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This is an interesting point to think about and the answers will vary depending on what culture you are dealing with.
As mentioned in previous posts on this blog, if you are dealing with Asian students there is a high likelihood that they will not want to ask questions because culturally it is considered
– disrespectful to question the teacher
– a sign that you may not know something so you will be ‘losing face’
– considered a ‘geek’ or a ‘nerd’ and uncool
If you are teaching Middle East and African students, for sure they will ask something if they don’t know, even if it is to practice their English. But if there are some students who don’t ask it could be due to these things:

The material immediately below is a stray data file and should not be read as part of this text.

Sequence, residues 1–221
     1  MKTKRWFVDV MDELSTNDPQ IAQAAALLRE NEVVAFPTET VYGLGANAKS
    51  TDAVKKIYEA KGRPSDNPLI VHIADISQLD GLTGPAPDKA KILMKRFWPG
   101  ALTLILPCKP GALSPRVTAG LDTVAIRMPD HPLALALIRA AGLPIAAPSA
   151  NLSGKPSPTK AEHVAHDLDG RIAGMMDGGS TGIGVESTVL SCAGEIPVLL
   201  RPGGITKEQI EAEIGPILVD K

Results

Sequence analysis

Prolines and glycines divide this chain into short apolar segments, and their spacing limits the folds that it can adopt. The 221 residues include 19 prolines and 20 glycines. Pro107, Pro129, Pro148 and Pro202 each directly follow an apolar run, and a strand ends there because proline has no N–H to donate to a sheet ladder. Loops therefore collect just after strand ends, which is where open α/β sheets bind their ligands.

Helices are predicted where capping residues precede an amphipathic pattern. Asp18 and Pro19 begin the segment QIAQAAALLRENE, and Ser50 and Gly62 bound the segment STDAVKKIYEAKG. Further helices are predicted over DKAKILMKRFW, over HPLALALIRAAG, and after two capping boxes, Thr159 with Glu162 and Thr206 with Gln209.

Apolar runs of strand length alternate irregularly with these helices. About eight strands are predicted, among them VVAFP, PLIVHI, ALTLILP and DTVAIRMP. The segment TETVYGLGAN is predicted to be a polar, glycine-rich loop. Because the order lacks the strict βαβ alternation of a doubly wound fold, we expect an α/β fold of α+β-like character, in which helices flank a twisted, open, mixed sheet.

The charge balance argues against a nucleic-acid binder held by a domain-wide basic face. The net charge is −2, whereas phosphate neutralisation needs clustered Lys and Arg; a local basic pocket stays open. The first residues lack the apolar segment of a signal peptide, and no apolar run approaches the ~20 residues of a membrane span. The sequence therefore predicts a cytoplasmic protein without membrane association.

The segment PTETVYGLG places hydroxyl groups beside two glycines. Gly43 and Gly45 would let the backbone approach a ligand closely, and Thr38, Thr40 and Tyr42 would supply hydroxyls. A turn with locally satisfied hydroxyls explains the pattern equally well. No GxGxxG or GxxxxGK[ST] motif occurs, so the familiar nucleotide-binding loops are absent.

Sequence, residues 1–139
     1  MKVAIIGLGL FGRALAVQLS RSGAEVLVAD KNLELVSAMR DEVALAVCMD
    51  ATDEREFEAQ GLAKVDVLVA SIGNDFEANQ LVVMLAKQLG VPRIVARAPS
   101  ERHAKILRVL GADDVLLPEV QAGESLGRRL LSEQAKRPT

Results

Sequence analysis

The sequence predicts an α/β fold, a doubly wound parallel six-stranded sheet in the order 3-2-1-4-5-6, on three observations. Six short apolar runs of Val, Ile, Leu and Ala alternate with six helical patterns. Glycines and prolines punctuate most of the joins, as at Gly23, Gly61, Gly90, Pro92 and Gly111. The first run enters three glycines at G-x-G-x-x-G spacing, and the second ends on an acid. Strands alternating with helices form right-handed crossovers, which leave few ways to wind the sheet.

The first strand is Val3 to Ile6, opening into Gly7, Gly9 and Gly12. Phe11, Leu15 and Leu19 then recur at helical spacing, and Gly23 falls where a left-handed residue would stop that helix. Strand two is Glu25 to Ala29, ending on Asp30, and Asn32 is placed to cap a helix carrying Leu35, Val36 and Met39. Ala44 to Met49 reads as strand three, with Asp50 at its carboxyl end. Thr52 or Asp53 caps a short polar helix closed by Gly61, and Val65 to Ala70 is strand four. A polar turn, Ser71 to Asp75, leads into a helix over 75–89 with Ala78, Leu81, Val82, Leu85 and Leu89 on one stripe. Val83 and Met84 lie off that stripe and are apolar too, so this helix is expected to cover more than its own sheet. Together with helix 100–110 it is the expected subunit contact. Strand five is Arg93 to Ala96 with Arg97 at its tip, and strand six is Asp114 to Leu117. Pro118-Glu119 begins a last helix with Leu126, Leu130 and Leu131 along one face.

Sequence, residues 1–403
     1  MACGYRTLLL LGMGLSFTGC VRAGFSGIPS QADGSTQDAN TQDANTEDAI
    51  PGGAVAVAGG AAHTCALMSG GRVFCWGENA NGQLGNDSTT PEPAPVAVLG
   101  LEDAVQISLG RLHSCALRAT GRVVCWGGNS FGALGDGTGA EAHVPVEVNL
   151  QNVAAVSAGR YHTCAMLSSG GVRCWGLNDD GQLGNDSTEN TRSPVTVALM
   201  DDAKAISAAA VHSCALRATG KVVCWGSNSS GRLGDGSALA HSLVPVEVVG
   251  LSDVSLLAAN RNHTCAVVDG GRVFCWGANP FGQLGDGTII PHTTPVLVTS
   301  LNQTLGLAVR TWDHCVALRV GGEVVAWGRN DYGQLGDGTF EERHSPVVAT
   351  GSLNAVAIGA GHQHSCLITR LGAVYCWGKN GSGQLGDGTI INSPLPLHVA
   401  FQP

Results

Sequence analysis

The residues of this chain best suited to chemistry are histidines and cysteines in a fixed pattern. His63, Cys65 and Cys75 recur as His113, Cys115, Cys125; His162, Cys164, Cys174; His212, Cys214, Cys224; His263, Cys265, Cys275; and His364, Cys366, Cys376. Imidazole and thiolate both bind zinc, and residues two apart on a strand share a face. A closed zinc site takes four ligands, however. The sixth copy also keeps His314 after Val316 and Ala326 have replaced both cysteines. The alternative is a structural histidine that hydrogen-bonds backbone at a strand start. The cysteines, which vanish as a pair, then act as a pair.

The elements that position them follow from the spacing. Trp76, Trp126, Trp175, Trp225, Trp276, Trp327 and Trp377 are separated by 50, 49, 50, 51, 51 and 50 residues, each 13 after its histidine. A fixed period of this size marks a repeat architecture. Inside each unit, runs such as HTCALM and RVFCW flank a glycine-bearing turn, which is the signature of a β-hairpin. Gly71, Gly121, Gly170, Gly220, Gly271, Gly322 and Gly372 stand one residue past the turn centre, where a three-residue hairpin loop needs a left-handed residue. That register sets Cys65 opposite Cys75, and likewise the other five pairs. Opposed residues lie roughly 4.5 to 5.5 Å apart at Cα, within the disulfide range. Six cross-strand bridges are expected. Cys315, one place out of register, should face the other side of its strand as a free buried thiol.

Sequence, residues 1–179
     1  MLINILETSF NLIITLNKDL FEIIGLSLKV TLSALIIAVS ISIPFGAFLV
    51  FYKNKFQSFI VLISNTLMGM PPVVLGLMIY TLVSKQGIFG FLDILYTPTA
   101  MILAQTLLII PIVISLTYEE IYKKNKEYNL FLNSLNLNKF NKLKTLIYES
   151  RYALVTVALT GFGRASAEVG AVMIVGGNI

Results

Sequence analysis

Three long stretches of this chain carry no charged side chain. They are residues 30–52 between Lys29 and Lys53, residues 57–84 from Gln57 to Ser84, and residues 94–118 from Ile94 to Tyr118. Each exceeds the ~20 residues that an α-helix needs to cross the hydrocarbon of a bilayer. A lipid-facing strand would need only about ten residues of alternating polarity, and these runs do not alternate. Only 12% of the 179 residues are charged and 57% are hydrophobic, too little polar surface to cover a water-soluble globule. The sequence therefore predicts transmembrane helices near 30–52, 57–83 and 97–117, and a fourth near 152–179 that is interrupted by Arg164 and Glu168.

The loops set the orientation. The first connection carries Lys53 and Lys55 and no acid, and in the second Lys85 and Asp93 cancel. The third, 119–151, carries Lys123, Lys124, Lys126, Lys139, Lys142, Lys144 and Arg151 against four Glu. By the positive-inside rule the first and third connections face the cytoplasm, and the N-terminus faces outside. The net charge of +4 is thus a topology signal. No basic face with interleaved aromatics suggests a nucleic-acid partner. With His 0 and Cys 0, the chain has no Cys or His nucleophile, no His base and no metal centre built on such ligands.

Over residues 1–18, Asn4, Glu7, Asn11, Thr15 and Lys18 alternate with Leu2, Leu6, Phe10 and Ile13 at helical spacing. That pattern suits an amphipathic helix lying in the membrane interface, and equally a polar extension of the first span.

– too shy because (if they are a female) they don’t want the boys to think she is a know-all
– not culturally correct (if they are a female) to speak in front of men
– don’t want to show that they don’t understand and are hoping they will pick it up later
– really don’t understand and are confused and are checking out of the lesson
Whatever the reason, it’s the teacher’s role to get to the bottom of it and ensure that all students are taking part in the lesson and are also asking if necessary. If you the teacher feel that you will need to speak to the student one on one, that may make the student feel a lot more comfortable and ‘special’ and so in the long run may be more willing later on to speak up if necessary.
If you are a teacher and have other ideas on how to encourage students to ask questions, let me know.